Here is how you will REALLY use your geometry knowledge...
You will determine that you can make TWO dome-shaped teacups from a balloon covered with paper mache if you cut it with a hack-saw when it's dry.
You will realize that you need to add a slice of a cylinder on each side of the balloon so that each of the two teacups stands up nicely. Unless your going for the Japanese sake-type teacup, you'll add a handle on each cup, and I think that has nothing to do with geometry.
You will see the correlation between an overinflated balloon and a teapot, if you stand the balloon on its fat end. The knot in the balloon will actually remind you of the knob on the top of the teapot's lid, so you'll take that as a cue to add a nice knob on the top, in addition to the aforementioned cylinder (ala the teacup - for stability) and even if you didn't take calculus or study black holes, you'll be able to make a spout, curve it nicely, and attach it to your balloon. Hey, who needs that much math unless you're going to become a scientist?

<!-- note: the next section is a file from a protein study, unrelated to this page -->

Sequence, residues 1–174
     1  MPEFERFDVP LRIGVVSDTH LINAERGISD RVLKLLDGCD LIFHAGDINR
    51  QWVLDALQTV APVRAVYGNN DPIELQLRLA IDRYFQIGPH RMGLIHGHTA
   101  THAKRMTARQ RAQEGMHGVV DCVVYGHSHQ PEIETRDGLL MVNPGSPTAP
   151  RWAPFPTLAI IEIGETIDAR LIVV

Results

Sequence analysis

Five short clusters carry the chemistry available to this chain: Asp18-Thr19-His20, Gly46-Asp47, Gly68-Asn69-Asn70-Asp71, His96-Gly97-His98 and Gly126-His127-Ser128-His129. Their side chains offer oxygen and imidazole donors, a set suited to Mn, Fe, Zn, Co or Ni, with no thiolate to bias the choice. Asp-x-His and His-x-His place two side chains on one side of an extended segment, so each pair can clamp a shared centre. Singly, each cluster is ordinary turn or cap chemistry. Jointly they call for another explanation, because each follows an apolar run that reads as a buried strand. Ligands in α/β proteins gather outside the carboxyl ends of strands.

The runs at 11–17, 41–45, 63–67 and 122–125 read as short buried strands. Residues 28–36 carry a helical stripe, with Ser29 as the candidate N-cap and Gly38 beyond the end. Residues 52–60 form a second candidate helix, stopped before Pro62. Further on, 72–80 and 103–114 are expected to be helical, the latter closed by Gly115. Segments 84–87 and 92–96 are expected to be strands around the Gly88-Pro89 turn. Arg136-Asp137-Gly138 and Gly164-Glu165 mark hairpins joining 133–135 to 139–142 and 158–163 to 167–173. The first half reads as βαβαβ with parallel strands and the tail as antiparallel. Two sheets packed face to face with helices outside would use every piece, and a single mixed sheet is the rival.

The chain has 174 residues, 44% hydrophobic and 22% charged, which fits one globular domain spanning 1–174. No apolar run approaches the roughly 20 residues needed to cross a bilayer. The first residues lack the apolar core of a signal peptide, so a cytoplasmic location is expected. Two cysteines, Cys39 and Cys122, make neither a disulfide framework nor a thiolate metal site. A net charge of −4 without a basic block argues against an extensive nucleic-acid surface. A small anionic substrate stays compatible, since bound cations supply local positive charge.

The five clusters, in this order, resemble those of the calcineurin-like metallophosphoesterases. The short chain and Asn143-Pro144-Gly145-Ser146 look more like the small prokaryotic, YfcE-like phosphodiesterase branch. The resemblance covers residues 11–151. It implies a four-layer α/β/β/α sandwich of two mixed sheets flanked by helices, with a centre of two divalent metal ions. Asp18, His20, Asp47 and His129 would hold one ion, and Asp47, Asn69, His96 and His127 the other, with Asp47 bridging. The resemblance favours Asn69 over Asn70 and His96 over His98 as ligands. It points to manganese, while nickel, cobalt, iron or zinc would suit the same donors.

You'll sand the little devils quickly so they don't look gnarley (is that even a real word?) for your fancy-pants tea party. You'll learn all about sanding in your Technology class - back in the day (I hate that phrase) we used to call it Shop.
After you've decided on the table linens, you'll paint them (tomorrow) and enjoy a nice cup of imaginary tea. Bon apetite!